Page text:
At least 27 boats were brought into the marina in Dover later on Tuesday after a few days of relative quiet due to high seas in the world’s busiest shipping lane.
It comes amid fears that record numbers of migrants are making the 20-mile dash across the waves before the winter brings rougher seas.
More than 6,500 migrants have successfully landed so far this year, with September already the busiest month so far, despite there being eight more days to go.
The current single-day record for migrant crossings is 416, set on September 2.
But the bloc’s top migration official said the crisis was over, with the EU now receiving some 1.5 million net new foreigners coming legally to live and work per year, compared to only 140,000 asylum seekers arriving irregularly.
‘We need these people,’ said Swedish EU Home Affairs Commissioner, Ylva Johansson. ‘Managing migration is not about finding a perfect solution but a solution acceptable to all.’
The executive European Commission’s plans to overhaul its defunct system include scratching a rule that the first EU country of arrival be responsible for asylum requests, which put too much burden on Mediterranean nations.
Under the new proposal, those arriving would be assigned to specific countries based on family links, history of education or work, or having a visa issued by a member state.
In the 400-page proposals spanning five different pan-EU laws, Johansson put emphasis on sending back those who fail to win asylum. ‘It’s necessary to have the acceptance of EU citizens to relocate (host) those who have the right to stay to be able to send back those who are not eligible,’ she said.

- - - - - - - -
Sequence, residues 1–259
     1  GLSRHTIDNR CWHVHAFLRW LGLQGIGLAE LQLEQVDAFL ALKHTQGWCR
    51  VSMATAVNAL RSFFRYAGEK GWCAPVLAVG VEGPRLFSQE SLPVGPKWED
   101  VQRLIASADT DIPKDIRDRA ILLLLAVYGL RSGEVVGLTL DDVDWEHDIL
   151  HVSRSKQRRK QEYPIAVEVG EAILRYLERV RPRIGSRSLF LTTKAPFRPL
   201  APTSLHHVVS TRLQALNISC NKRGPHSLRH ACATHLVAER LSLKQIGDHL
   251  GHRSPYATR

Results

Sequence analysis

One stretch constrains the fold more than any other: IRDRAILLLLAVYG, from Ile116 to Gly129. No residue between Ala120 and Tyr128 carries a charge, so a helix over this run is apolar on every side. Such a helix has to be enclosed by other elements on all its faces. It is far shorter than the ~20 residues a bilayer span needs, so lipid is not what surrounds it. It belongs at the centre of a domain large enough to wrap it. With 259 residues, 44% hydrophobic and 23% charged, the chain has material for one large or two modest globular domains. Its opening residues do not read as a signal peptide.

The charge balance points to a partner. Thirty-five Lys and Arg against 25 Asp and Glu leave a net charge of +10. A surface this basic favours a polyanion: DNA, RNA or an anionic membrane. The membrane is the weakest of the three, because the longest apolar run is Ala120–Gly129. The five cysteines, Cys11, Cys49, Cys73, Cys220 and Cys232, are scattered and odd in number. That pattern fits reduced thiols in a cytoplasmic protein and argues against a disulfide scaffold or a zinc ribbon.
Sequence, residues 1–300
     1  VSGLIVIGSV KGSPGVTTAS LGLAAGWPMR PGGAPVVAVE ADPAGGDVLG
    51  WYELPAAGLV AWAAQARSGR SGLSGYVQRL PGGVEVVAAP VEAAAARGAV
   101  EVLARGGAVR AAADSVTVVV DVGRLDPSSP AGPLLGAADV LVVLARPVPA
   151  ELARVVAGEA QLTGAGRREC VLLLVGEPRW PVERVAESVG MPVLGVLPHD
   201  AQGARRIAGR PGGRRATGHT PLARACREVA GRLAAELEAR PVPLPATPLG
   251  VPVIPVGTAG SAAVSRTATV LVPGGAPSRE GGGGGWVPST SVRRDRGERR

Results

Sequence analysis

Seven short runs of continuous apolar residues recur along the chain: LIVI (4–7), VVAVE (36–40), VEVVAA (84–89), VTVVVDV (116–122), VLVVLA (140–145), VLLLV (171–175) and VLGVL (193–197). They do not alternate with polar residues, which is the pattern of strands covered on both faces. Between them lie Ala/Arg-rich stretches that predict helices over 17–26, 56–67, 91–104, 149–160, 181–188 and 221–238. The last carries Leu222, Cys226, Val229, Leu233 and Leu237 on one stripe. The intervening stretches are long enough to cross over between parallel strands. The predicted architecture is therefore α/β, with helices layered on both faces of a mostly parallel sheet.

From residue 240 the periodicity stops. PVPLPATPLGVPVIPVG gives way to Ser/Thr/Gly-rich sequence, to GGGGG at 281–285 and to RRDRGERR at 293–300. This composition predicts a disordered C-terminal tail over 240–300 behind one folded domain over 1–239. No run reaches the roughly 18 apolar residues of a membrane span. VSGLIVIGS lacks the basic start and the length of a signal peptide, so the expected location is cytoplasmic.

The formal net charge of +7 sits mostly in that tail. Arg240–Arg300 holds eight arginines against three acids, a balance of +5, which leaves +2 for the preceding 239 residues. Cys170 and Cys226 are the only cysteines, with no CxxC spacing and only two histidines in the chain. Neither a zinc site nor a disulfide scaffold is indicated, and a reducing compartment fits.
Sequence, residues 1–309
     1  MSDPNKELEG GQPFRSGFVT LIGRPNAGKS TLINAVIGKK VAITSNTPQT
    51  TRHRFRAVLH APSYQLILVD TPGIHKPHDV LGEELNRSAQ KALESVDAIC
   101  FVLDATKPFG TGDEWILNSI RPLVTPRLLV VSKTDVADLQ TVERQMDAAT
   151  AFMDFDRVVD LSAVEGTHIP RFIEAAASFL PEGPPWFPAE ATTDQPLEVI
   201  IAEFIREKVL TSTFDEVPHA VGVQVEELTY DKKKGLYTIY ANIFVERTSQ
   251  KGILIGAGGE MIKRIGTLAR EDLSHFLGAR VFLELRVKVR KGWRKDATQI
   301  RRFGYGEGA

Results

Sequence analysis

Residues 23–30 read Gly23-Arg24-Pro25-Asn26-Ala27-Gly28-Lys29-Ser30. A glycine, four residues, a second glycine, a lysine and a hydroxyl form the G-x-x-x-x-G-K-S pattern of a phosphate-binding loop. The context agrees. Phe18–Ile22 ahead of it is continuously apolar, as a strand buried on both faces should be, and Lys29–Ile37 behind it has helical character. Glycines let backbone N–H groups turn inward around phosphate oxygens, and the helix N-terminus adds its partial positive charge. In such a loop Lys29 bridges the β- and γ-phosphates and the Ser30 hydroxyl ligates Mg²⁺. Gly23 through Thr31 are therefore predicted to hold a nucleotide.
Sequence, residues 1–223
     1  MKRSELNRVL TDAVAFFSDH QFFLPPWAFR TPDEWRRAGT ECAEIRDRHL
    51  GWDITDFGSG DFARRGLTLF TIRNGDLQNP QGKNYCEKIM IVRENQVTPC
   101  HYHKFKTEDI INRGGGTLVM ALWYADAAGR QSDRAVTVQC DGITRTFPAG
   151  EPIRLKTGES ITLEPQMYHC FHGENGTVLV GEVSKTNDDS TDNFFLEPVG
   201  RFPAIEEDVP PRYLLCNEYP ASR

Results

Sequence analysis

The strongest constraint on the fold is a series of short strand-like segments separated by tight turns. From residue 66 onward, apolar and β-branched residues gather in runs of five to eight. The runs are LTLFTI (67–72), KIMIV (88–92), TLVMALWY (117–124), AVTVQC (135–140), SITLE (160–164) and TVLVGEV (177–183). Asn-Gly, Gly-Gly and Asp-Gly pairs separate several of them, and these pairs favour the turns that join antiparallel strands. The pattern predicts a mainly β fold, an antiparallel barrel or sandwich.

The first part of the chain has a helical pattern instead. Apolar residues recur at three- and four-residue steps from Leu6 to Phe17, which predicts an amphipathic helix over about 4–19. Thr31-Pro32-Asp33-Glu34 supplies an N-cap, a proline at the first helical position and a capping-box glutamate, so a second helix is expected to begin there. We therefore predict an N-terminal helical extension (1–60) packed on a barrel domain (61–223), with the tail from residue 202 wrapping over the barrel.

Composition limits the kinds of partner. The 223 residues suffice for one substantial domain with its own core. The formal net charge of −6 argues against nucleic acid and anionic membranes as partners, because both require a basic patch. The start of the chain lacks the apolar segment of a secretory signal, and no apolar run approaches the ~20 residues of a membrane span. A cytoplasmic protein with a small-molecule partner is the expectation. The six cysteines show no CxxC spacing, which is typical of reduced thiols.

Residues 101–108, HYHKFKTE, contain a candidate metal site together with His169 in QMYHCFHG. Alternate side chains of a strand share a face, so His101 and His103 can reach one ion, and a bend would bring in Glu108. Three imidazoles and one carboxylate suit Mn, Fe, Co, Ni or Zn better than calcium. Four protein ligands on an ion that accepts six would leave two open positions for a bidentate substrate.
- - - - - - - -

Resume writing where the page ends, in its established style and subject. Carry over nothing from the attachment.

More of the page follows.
The plan, sure to stir up heated disputes, would also aim to open up more legal routes for refugees and migrants, and work more closely with countries hosting and managing people before they reach Europe.
It would also put EU countries with external borders under closer monitoring to ensure they do not violate the law after multiple reports of pushbacks in Hungary, Croatia, Greece or Malta.
Under the plan, people rescued in the sea would have to be relocated in the bloc – rather than sent back – and the Commission recommended that member states do not criminalise charities involved in such rescues.
Despite having German Chancellor Angela Merkel as the driving force behind it, the plan faces an uphill battle
At times of regular immigration, all EU states would be obliged to help under the new idea of ‘mandatory solidarity’ by relocating or returning people, or offering material assistance on the ground in arrival countries.
If, however, a country were falling under major pressure, it could seek to activate a crisis mechanism under which its EU peers would be obliged to take people in or send them back.
The complex system would eventually lead to each EU country having to take in some refugees.
Despite having German Chancellor Angela Merkel as the driving force behind it, the plan faces an uphill battle.
The Commission said all elements should be in place from 2023.
Under the plan, people rescued in the sea would have to be relocated in the bloc – rather than sent back
‘My guess is that I will have zero member states saying it’s a perfect proposal,’ said Johansson. ‘But I do hope that I’ll also have 27 member states saying it’s a balanced approach and let’s work on this… It’s about realising we have a common problem and we have to manage it together.’
After opening Germany’s doors to Syrian refugees back in 2015, Merkel suffered electoral setbacks as the far right surged on anti-immigration sentiment.
But in a sign of the changing mood, German mayors offered this month to take in refugees after an overcrowded camp on the Greek island of Lesbos burnt to the ground. Protesters took to the streets in many German cities chanting ‘We have space!’.